I met Angela (who blogs at Telling New Stories) three years ago, and upon discovering that she enjoyed writing I told her about an idea I had for a book. She said two words in response that changed my life: “Write it.”
Upon hearing those words, I huffed. Yeah, right! How was I going to write a book? Who was I? Hemingway? It wasn’t like I could go sit at the Starbucks with my notebook and my laptop and bang out a novel. I had my two little guys and my big guy (my husband) at home, and I worked, and I had stuff to do, and… and… and…
A million excuses. But still, as the plot for my novel unraveled in my head, I heard her voice saying those words over and over. “Write it.”
Guess what? I did. I carved out some “me time” and wrote. It was a disaster. My first chapters were all over the place, but the act of writing down my idea and seeing my characters emerge was exciting. It gave me a selfish purpose, and a goal, and a creative outlet, and something to think about on my morning commute. I now had a hobby: writing.
I learned so much from writing that first project. I learned that every great scene you can think up in your head doesn’t necessarily have to be put into your first project. I learned that too much is sometimes just too much, and that keeping it simple didn’t necessarily result in a substandard result. I learned that in order to rewrite and edit, you had to actually read what you wrote– the Good, the Bad, and the Ugly– and cringe, and shake your head at your grammar or your giant plot holes.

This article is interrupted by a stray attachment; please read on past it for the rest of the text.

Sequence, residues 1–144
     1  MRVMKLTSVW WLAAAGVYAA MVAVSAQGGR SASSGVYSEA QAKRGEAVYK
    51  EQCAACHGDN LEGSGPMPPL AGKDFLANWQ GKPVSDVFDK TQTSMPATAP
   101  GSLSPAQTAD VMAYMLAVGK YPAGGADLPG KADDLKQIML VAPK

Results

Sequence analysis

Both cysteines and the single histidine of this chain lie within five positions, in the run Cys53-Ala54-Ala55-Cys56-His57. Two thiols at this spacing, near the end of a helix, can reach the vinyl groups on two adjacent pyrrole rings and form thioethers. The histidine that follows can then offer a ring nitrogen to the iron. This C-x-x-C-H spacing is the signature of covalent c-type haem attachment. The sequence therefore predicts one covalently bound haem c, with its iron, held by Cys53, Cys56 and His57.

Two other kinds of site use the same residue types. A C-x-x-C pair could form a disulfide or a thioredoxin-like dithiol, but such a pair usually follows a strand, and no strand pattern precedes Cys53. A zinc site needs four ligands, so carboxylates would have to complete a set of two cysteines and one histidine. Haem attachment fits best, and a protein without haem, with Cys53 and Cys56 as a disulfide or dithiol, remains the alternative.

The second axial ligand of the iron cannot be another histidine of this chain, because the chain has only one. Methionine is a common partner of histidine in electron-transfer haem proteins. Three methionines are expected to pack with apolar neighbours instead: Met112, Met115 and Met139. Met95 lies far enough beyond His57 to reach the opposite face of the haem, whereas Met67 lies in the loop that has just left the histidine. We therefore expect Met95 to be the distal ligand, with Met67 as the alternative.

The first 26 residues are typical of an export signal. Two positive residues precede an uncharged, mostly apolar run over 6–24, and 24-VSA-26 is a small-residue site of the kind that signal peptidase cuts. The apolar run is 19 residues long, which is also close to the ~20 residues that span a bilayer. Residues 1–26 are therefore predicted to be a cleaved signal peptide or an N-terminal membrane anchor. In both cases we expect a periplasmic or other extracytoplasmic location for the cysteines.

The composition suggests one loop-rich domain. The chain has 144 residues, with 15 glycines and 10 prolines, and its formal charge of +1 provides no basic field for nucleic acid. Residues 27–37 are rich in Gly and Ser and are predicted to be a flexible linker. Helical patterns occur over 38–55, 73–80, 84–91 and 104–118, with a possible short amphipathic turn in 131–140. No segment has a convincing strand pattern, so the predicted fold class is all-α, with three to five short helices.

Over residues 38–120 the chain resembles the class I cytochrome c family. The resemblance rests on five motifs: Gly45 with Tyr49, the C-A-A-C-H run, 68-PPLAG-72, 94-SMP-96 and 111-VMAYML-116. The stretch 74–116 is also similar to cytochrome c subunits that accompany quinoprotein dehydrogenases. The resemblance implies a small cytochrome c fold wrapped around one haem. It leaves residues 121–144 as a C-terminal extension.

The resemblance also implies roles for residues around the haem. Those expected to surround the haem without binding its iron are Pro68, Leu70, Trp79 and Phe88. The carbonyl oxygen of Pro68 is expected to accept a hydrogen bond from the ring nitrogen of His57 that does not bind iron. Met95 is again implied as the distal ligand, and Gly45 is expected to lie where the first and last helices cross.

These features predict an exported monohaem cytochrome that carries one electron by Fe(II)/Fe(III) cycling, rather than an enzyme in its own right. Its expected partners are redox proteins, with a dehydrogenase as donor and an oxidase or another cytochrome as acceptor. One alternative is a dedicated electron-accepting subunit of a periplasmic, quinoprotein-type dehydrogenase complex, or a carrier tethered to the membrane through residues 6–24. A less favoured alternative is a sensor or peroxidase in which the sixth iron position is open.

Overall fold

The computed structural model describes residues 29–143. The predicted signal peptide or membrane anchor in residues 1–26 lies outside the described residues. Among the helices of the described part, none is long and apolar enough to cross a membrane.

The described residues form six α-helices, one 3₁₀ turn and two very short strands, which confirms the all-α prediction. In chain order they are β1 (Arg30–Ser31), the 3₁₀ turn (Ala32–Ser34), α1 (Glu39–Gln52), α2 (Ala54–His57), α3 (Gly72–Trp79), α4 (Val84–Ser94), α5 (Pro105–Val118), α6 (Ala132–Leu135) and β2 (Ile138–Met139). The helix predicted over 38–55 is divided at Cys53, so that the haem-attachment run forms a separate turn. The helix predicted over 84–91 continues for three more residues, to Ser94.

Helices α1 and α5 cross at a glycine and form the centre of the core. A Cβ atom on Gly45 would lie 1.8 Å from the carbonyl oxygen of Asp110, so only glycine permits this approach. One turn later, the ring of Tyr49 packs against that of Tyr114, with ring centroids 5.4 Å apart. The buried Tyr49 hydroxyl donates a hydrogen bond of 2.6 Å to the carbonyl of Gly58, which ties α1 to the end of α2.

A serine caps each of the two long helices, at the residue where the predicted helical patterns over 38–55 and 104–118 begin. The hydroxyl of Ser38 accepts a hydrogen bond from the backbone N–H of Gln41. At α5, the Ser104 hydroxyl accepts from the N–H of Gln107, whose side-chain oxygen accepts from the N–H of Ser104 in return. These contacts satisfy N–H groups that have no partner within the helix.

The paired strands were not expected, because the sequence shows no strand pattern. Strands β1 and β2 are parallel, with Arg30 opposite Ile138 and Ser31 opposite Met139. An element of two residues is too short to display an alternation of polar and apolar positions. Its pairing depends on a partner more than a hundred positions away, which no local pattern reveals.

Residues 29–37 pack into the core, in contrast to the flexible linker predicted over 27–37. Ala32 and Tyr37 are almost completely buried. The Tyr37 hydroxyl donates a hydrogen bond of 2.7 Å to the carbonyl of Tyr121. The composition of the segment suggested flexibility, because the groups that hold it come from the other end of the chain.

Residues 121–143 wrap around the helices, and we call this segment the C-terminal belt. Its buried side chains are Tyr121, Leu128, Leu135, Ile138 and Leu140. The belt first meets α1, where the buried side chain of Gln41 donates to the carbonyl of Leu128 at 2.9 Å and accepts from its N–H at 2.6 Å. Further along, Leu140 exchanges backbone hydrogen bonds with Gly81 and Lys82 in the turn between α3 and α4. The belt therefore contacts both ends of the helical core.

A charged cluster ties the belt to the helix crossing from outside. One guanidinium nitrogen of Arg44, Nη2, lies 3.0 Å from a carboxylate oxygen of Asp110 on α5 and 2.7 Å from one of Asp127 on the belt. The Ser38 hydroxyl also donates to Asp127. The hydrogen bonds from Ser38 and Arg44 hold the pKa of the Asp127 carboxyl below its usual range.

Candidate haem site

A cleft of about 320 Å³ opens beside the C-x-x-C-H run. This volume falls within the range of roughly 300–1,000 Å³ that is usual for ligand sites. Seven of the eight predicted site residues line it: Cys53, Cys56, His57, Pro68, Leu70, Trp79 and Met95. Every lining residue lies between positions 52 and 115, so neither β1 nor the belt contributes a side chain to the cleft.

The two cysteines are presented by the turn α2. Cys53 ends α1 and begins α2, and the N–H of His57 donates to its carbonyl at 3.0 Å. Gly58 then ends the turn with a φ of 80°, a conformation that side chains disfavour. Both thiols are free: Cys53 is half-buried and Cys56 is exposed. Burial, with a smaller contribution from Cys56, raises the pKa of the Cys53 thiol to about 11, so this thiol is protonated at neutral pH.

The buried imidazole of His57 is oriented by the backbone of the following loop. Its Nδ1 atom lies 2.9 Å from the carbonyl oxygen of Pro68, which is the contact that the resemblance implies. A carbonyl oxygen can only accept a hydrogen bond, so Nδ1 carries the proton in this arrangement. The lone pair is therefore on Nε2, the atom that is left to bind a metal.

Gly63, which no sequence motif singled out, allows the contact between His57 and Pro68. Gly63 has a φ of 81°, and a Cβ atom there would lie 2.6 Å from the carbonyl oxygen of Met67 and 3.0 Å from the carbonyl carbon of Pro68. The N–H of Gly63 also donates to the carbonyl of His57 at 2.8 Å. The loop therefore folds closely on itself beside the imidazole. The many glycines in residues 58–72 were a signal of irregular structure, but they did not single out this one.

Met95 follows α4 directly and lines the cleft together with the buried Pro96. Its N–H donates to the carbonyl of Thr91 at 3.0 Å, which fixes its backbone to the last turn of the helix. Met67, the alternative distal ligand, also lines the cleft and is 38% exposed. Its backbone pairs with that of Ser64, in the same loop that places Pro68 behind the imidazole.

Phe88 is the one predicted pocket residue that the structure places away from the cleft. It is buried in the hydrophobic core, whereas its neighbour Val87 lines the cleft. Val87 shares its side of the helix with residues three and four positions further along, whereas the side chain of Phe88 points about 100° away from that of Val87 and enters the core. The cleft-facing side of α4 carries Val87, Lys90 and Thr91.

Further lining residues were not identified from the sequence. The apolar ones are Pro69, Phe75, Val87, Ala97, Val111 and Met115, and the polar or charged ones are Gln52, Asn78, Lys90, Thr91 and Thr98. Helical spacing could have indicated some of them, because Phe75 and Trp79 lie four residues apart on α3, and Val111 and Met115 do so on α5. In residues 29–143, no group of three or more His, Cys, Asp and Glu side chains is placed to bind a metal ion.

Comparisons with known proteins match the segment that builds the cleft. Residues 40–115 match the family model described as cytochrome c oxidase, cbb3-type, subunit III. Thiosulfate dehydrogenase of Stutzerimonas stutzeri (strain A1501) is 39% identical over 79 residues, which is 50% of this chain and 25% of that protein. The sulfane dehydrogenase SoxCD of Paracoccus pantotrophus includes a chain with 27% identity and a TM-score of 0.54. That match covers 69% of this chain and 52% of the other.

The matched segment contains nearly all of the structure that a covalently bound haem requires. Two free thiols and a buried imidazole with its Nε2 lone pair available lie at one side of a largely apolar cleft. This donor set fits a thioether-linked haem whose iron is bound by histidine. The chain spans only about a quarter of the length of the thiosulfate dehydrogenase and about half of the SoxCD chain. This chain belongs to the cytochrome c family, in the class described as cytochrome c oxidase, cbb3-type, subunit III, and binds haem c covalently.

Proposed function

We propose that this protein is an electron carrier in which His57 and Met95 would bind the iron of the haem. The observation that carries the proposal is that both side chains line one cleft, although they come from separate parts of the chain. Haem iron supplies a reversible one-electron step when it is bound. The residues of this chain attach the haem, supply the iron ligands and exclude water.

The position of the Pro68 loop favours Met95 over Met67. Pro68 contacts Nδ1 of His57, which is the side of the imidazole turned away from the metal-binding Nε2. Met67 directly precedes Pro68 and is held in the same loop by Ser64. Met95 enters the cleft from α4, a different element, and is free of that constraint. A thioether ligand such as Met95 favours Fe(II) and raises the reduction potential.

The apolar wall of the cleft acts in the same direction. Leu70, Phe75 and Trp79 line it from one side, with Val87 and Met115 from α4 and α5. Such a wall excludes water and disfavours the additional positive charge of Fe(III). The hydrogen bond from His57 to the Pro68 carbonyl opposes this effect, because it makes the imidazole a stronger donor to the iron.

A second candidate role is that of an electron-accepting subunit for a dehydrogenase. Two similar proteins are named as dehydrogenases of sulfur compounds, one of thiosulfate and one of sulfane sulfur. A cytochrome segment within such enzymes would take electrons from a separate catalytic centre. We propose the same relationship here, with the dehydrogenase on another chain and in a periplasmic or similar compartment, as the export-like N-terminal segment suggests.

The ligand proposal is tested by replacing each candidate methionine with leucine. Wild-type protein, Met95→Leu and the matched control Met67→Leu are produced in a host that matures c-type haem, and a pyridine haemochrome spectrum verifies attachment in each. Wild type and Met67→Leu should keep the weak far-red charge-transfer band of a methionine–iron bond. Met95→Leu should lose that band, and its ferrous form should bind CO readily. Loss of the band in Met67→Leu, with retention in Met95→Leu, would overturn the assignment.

I learned that you don’t have to be Hemingway to write– that you just have to be you. You don’t have to sit in a cafe and spend days in front of a laptop. You can steal time here and there.
As proud of myself as I was when that first project was finished, I was never so happy as when I sent it to Angela to read and she later wrote me an email that included these words: I love it so much! I still have the email. I vowed to save it forever since it was my first feedback on something I created.
Since then, Angela and I have shared our work, mentoring each other. We decided to take a leap and collaborate on a topic we both love. Currently, Angela and I are working on a project together that we refer to as “Project Z,” and our first draft of our work will be completed by Sunday. We’re both super psyched.
I have to admit I was a bit nervous about partnering. I worried that I wouldn’t be able to keep up, that my writing wasn’t as polished as Angela’s, and that we’d stall out. After a couple of bumps in the road, we’re right on track. I think that we make a good team. We’re lucky that way.
Writers. Have you ever worked with a partner?
If you find that your writing life has become stagnant, or that despite your desire to write you just can’t seem to make it happen, I suggest finding a partner. Someone that you know and trust and feel comfortable with. One of the great benefits of partnering is having someone rely on you for your work product. That little bit of pressure can motivate you, and like we writers know, sometimes getting started is the hardest part. When you begin, you often desire to keep on going.
Also, it’s helpful to have feedback and somebody to bounce ideas off, and to attack an idea from two different viewpoints. You have to be willing to have an open mind about your partner’s ideas, which hopefully is reciprocated, and you can’t be intimidated or embarrassed when her idea is better than yours. That is how you learn and grow.
Writing doesn’t have to be a lonely craft. In fact, partnering up with a Writing Buddy may be just the catalyst you need to really get things moving in your writing life.
Let me know what you think, or if you have any advice or experience with writing partnerships that may be helpful. As always, thanks for reading!